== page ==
What Technology Should Be

Imagine this: You are in a room full of people. There is a table in the room with dishes and silverware on top of it. People talk at a regular volume, but when someone whispers into a microphone, there is a huge roar, causing the plates and dishes to crash to the ground. This is what Emily Kennerk’s piece “Whisper” does. (Stryker, 2015). It is a submission for ArtPrize Seven, and is just once example of how the art competition uses technology. While it is clear that those who organize ArtPrize are trying to keep up to date, with apps and contemporary pieces, the competition seems to be missing the mark on a huge part of technology: social media.

It is not that they do not try. In the last few years technology has played a huge role. Last year year the competition had extensive updates to both its website and app. It also included an interactive map, which told visitors about the Grand Rapids in general instead of just the art. (Woods,2014). While impressive, these improvements are for the people who already go to ArtPrize. To become better known and expand, ArtPrize must entice people who may not know about the competition. In today’s world, this would be done through social media, and it sort of seems like the ArtPrize tweets, posts, and pictures are failing.

ArtPrize does generate posts about itself. Every year there are hundreds of hashtags, tweets, and posts about the event. ArtPrize has even organized photo competitions in order to gain a large social media gathering. In 2011 viewers could win a camera if they took a picture of a piece and captioned it. They then would have to post on Facebook, Twitter, or Instagram with the hashtag ArtPrize. (Burch, 2011) While this may have increased their following on these networks, does not mean that people would then favorite, retweet, or like ArtPrize’s posts. For example, ArtPrize has 36,010 followers on Twitter, at https://twitter.com/ArtPrize,  as of today. They tweet multiple times a day but usually do not get more than a few favorites or an occasional retweet. With that many followers, that number should be a lot bigger. How will they expand if the people who follow them do not like their content enough to share it with their own followers? They have an arsenal of pictures and art that they could be Tweeting about, but instead use quotes from articles about the event. While they may be trying to promote those writing about them, it does not seem to be working in promoting themselves. For reference the Grand Valley State University Twitter , which can be found at https://twitter.com/GVSU has 32,249 followers, which is almost 4,000 less, as of today. However, scrolling through their tweets shows that they average many more retweets and favorites because they make their account interactive and image based.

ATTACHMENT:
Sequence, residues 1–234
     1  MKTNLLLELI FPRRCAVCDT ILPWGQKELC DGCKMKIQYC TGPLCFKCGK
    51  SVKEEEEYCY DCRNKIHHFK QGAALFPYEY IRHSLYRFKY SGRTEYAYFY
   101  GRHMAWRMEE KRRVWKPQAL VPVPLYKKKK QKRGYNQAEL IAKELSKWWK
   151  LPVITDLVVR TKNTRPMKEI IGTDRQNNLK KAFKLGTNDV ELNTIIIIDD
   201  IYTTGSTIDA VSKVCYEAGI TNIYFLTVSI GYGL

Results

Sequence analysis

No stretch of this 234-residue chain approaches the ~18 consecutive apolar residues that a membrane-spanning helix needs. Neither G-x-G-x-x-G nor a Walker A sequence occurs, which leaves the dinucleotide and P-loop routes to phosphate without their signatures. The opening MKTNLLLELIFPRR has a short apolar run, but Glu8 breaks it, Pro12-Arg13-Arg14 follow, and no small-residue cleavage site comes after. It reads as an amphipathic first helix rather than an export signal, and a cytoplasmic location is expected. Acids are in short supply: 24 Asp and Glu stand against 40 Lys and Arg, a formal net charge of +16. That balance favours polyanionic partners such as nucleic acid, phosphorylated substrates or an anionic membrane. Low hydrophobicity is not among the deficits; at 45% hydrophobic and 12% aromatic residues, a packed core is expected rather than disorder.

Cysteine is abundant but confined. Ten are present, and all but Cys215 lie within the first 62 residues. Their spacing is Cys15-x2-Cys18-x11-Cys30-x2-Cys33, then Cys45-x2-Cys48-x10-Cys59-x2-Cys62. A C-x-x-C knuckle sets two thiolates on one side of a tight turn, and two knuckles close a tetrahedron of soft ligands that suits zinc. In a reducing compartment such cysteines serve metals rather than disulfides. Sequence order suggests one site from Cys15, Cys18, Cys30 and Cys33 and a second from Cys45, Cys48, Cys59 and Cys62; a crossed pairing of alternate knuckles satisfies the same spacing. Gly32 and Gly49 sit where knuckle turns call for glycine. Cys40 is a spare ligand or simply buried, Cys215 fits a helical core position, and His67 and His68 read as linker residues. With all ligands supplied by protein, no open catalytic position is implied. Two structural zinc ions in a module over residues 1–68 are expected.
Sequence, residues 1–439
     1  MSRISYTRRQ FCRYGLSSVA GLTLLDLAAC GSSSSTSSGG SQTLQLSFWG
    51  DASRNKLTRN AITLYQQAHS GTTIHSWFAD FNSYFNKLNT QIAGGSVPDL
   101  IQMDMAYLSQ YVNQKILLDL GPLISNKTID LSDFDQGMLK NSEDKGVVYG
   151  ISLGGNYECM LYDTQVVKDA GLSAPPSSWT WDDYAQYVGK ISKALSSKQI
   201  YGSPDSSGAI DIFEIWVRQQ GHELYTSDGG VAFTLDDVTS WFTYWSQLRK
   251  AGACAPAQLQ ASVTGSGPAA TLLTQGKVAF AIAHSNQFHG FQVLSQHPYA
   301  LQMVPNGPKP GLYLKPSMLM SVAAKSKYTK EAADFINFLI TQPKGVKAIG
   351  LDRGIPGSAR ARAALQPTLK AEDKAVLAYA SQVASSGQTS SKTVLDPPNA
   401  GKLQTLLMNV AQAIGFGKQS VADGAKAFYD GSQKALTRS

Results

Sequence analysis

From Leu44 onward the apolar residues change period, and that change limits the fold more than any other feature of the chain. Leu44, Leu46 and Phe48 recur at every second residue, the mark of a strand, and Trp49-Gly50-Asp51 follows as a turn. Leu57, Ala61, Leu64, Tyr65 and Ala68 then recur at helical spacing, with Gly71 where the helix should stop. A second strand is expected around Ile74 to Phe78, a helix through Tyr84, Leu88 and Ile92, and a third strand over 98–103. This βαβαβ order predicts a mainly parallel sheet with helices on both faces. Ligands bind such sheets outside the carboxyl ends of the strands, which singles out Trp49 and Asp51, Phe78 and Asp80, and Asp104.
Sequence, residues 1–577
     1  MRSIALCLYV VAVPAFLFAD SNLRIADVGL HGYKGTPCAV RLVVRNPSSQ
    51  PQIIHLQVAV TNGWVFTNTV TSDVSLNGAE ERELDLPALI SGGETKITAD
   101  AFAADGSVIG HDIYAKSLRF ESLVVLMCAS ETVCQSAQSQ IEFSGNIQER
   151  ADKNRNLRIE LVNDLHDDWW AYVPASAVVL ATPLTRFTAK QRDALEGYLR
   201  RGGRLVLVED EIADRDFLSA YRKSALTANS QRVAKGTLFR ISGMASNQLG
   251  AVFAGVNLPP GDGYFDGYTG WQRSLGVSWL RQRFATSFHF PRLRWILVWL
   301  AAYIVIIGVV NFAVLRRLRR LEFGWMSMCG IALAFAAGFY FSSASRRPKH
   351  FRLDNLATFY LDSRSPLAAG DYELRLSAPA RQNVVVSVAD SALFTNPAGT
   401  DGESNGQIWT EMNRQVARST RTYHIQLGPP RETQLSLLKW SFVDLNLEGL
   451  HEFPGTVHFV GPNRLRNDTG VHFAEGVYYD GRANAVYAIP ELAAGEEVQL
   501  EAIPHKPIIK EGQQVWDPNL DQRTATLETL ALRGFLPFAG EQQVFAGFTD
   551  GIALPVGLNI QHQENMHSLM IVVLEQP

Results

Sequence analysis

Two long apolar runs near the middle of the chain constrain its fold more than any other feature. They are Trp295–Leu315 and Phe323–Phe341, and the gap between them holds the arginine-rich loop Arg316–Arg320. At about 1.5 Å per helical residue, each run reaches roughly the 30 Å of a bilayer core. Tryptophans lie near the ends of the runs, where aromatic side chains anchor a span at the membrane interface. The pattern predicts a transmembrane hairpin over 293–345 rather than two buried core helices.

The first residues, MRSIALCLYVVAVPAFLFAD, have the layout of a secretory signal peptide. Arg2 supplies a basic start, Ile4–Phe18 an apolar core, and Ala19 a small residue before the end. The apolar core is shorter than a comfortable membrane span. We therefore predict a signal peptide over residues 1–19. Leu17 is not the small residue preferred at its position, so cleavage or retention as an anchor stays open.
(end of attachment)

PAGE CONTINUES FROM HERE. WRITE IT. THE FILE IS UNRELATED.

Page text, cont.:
ArtPrize is gearing itself towards technology, but using the latest technology is not the same as successfully using the latest technology. Their social media accounts need to improve if they want to become the Coachella of art. Below are some pictures that I would personally enjoy if I saw on social media. While simple, these images show some of the art being buit and an example of a non-official piece. They will help followers and friends alike not just see the atmosphere of ArtPrize, but help take their social media from a messy scream to a quiet but erupting whisper.

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Artist’s work on a structure.

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A stop sign is modified for a piece

References:

Burch, Brian (Sep.18 2014) Sharing is Caring. ArtPrize Blog. Retrieved from http://www.artprize.org/blog/sharing-is-caring

Stryker, Mark (Sep. 30 2015) Quality is Up at ArtPrize 7; Don’t Miss These Works. Detroit Free Press Retrieved from http://www.freep.com/story/entertainment/arts/mark-stryker/2015/09/30/quality-consistency-continue-rise-artprize-7/72977152/

Woods, Jaenell (Sep. 4 2011) ArtPrize Launches 2014 Technology Suite. Art Prize Blog. Retrieved from https://www.artprize.org/blog/2014-technology-suite

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Technology & ArtPrize